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A wordle of Mark's Gospel

I believe in Jesus

A wordle of Mark's Gospel

As usual at this time of year (and also other times of the year) I spot debates about how we are redeemed (“soteriology”). The debates can get heated. And do.

People can get pretty heated about theories of creation also.

I believe in the Creator; which means I believe we are created. I trust and entrust myself to my Creator.

How did God create everything? Well I accept the Big Bang and evolution – but my life won’t be too devastated if scientists come up with a better theory. How did God create me? Well, I’ve got a pretty good idea about that… I’d be a little more surprised if we’ve misunderstood that…

There’s lots of things I accept; and use. I might have a vague idea about how it works – but not really in detail. I don’t really know how this laptop I’m typing on works. I don’t imagine I could replicate this laptop even if I worked at it all my life and was given all the raw materials I asked for. I don’t really know how light works from the screen to my eye. I don’t really know how my eye works. I’ve got some vague ideas about these things; and I wouldn’t be surprised if some of my ideas are wrong.

If I don’t understand how these simple things work – I’m not too hassled I don’t quite understand how God works!

I believe in the Redeemer. I trust and entrust myself to my Redeemer.

There’s different theories about how we are redeemed. I’ve studied them academically, in a five year theology degree, from a reputable university. And longer. Some of the theories I personally find appalling, others I find appealing. Others find the appalling ones appealing. Some people take more literally things I take more metaphorically. Some people take more metaphorically things I take more literally. And I wouldn’t be surprised if some of my ideas are wrong.

But I don’t believe in my theory of redemption – I believe in my Redeemer. And I am not saved by my theory of redemption – I am saved by my Redeemer.

The image is a wordle I made of Mark’s Gospel

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6 thoughts on “I believe in Jesus”

  1. I am reminded of a lovely clip from a lecture by Metropolitan Kallistos (Ware), in which he compares the various soteriological models to the generous dinner menus on Cunard Liners:


    My 4-year-old daughter has been very preoccupied lately with questions about death (which she has only just discovered), and about Jesus’ death in particular (which she has been learning about in her wonderful Montessori-based Sunday school programme, “Catechesis of the Good Shepherd”).

    I said to my mother on the phone last night, “I’m almost finished a theology degree, and this is giving me problems.” She replied, “Imagine what it was like for me and your dad when you started asking at that age!” They’re veterinarians…

  2. In the book The Dream of the Earth, the author, Thomas Berry proposes that science is a wisdom tradition, whose wisdom informs us of the mechanisms of that creation. We have not mined all that it offers us by a long shot. And sometimes, new ore mined from the tradition, causes us to rewrite the story as we know it. There is much work still to do and we may never get the whole story.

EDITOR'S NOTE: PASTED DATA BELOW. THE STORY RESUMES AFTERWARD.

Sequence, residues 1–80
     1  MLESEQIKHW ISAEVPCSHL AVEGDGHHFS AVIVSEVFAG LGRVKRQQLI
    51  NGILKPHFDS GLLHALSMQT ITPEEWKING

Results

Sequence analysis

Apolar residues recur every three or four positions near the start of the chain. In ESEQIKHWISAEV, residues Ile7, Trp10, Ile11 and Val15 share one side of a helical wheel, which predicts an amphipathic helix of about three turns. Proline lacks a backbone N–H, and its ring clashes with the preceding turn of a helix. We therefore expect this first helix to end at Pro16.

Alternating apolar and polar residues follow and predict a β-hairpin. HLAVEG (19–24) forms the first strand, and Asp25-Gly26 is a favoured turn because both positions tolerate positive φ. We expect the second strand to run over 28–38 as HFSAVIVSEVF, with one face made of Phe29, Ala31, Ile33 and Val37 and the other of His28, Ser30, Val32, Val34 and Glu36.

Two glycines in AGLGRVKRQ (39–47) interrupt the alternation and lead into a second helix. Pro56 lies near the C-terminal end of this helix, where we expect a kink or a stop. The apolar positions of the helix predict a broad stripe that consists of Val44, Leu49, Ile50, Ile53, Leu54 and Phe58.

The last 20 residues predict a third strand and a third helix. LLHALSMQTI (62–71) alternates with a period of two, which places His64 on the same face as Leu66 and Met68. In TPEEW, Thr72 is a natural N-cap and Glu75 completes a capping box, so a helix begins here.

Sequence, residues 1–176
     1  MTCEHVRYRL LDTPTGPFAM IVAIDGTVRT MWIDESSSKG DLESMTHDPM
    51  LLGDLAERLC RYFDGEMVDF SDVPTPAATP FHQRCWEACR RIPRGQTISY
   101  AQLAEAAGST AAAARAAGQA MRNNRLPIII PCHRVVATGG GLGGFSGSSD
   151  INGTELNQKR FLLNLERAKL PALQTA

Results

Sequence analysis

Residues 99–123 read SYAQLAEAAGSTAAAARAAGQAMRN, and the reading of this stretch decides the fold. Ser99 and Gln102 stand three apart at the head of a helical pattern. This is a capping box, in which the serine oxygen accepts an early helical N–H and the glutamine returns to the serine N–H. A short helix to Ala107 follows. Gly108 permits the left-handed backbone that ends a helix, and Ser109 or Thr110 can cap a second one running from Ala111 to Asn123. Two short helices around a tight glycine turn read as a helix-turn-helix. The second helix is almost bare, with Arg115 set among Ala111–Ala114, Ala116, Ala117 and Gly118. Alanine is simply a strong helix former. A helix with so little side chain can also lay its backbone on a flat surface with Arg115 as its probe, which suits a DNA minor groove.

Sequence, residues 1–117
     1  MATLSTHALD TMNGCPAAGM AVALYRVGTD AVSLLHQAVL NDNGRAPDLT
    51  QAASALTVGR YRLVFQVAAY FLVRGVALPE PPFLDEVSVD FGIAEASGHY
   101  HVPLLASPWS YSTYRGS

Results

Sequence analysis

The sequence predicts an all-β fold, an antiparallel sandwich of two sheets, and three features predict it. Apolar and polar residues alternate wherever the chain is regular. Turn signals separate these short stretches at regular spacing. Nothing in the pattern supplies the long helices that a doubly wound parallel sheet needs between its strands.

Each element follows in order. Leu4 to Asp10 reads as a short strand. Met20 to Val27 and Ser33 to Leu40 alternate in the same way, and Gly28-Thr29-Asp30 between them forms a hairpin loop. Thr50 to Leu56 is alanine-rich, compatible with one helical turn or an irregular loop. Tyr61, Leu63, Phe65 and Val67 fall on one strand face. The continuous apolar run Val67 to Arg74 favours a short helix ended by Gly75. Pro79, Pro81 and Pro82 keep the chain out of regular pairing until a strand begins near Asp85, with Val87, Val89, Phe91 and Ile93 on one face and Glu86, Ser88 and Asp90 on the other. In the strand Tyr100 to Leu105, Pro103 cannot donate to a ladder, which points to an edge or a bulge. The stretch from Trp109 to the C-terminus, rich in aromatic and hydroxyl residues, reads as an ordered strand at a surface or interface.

3. I hope everyone clicks on to Jesse’s link. The Metropolitan Kallistos Ware (a good friend of Thinking Anglicans) is worth watching and listening to. A very inclusive style of teaching, backed by a wealth of pastoral experience.

  4. Bosco,

    On the creation angle, I am amazed by the number of Christians, Darwinists & Dawkinists who stop at the Genesis 1 story of creation and go all rabid over it (one wonders if they get any further into the Bible). Meanwhile, in my experience, most Christians (myself included) are happy believing the second story of creation (Gen 2:4 – basically “God created everything”) It doesn’t say how, so I’ll go along with what ever science wants to tell me (and it is allowed to correct itself). Besides – why is “how” important? :0)

    On another note, in Genesis 1, replace “days” with “ages” and what you have is a _mostly_ accurate order of scientific events – which is impressive given how long ago it was written.

    Meanwhile the message I get from Genesis 1 is that if one day off in seven is good enough for God, it is good enough for us :0)

    Hopefully those ideas aren’t too wrong :0)


    1. Thanks, David, for your thoughts.

      I’m not sure that I want to start debating interpretations of the creation stories – the very core of my post was to allow variations in interpretation and to acknowledge that we/ I may be wrong.

      But I will risk responding…

      I’m not sure that I read Gen 2:4ff as you do that “it doesn’t say how”. I read the LORD God making from the dust of the ground and breathing into nostrils… I see this as an etiological (aetiological) tale which goes on to explain sexual desire, death and the return to the earth, the difficulties in work, the pain of childbirth,… We may mistake its genre, but a talking serpent is still a pretty good clue…

      As to replacing “day” Genesis 1 with “age”, I would have to be convinced of this being fair to the text: “And there was evening and there was morning, the first day… And there was evening and there was morning, the second day…” I’m also struggling to see its order as corresponding to our scientific understanding: light before the sun; a dome; with waters above it; vegetation: plants yielding seed, and fruit trees of every kind before the sun, the moon, and the stars…

      I prefer to not use this magnificent poem as a science text book. But, as I said, I might be wrong…


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